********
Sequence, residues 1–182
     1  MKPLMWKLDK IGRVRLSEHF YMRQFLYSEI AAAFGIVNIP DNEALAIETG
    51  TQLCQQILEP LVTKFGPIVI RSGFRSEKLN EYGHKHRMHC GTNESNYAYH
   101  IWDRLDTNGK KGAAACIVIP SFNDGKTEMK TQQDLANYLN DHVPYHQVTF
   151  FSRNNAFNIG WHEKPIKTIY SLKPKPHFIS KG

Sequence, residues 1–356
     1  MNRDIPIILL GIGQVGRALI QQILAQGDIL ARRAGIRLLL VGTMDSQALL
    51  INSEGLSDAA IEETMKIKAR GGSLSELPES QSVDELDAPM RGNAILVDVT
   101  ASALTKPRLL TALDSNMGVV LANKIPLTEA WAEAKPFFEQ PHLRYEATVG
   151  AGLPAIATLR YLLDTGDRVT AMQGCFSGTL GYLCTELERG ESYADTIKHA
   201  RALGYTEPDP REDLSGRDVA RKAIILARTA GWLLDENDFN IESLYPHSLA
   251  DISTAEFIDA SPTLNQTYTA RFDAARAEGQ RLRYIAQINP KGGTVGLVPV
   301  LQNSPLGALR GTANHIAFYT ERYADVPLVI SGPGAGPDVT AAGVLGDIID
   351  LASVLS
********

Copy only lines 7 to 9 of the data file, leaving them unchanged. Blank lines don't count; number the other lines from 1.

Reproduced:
     1  MNRDIPIILL GIGQVGRALI QQILAQGDIL ARRAGIRLLL VGTMDSQALL
    51  INSEGLSDAA IEETMKIKAR GGSLSELPES QSVDELDAPM RGNAILVDVT
   101  ASALTKPRLL TALDSNMGVV LANKIPLTEA WAEAKPFFEQ PHLRYEATVG